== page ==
Functional neurologic disorder (previously termed conversion disorder) and somatic symptom disorder are both characterized by somatic symptoms associated with significant distress or impairment.
The underlying cause is not fully understood. Although psychological stressors can be important risk factors and may perpetuate symptoms, they are not necessary to make the diagnosis.
Functional neurologic disorder can be diagnosed on the basis of positive "rule in" features on neurologic examination - it is no longer considered a diagnosis of exclusion.
Good therapeutic alliance, validation of the patient's suffering, and shared clinician-patient understanding of the condition are essential for effective management.
Treatment includes cognitive behavioral therapy, physical therapy, and avoiding unnecessary medicines, tests, and procedures. Diagnosis and treatment of associated comorbid psychiatric conditions can benefit overall functioning and recovery.
This topic describes diagnosis and management of functional neurologic disorder and somatic symptom disorder in adults only; diagnosis and management in children is beyond its scope.
Functional neurologic disorder (previously termed conversion disorder) and somatic symptom disorder are (neuro)psychiatric conditions that fall under the somatic symptom and related disorders category of the Diagnostic and Statistical Manual of Mental Disorders, 5th edition, text revision (DSM-5-TR) (previously termed somatoform disorders). Somatic symptom and related disorders are those with prominent physical symptoms associated with significant distress and impairment of function.
Functional neurologic disorder is characterized by motor or sensory function deficits that suggest neurologic or medical conditions associated with characteristic "rule in" features on neurologic examination and clinically significant distress or social/occupational impairment. Somatic symptom disorder is characterized by one or more somatic symptoms that are distressing or result in significant disruption of daily life. To meet DSM-5-TR criteria, these patients must have excessive thoughts, feelings, or behaviors related to the somatic symptoms or associated health concerns as manifested by at least one of the following: disproportionate and persistent thoughts about the seriousness of one’s symptoms; persistently high levels of anxiety about health or symptoms; excessive time or energy devoted to these symptoms or health concerns. Importantly, even if any one somatic symptom is not continuously present, the state of being symptomatic is persistent (typically more than 6 months).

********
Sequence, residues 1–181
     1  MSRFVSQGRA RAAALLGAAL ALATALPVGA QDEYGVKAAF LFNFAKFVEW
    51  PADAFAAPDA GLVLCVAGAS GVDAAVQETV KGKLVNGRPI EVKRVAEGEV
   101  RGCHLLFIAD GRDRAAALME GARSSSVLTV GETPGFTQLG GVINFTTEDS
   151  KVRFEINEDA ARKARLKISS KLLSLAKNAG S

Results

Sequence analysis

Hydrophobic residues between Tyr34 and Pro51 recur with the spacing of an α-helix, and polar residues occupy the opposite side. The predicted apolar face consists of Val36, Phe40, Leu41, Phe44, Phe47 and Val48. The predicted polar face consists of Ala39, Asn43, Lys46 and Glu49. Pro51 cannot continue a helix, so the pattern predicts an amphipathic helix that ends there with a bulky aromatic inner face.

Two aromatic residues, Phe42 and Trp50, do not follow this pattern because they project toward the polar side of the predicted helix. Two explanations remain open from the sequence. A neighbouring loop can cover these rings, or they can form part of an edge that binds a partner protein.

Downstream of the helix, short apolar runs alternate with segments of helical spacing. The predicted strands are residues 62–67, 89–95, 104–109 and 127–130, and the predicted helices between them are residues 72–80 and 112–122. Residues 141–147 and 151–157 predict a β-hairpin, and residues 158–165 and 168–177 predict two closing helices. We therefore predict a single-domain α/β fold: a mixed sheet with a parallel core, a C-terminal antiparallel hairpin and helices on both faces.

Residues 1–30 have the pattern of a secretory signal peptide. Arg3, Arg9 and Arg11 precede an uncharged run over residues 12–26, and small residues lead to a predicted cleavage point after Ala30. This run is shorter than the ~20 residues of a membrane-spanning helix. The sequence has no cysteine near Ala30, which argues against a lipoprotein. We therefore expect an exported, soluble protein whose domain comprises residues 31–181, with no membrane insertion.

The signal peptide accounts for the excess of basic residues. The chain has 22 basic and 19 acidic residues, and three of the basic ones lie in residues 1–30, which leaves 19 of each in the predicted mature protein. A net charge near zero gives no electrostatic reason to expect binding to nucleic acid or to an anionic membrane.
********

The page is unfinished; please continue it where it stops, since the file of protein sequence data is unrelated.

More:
History and exam
Key diagnostic factors
- unconventional behavior during history
- emotional processing problems
- recent psychological or physical stressors
- remote life stressors
- multiple illness behaviors
- unusual neurologic deficits
- give-way weakness
- inconsistent examination findings
- paradoxical sensory findings
- distractible symptoms
- generalized seizure-like motor movements without loss of awareness
- gait disorders
- functional movement disorders
Other diagnostic factors
- cognitive complaints
- Hoover sign
- speech disturbance
- swallowing disturbance
- convergence spasm
- history of sexual or physical abuse
- adverse childhood events
- history of trauma-related disorders
- female sex
- previously poor doctor-patient relationships
1st investigations to order
- laboratory testing
- electroencephalogram (EEG)
Investigations to consider
- comprehensive neuropsychological testing
- standardized personality testing
- focused symptom inventories
functional neurologic disorder
somatic symptom disorder
- Illness anxiety disorder
- Body dysmorphic disorder
- Factitious disorder
- A review and expert opinion on the neuropsychiatric assessment of motor functional neurological disorders
- Evidence-based practice for the clinical assessment of psychogenic nonepileptic seizures
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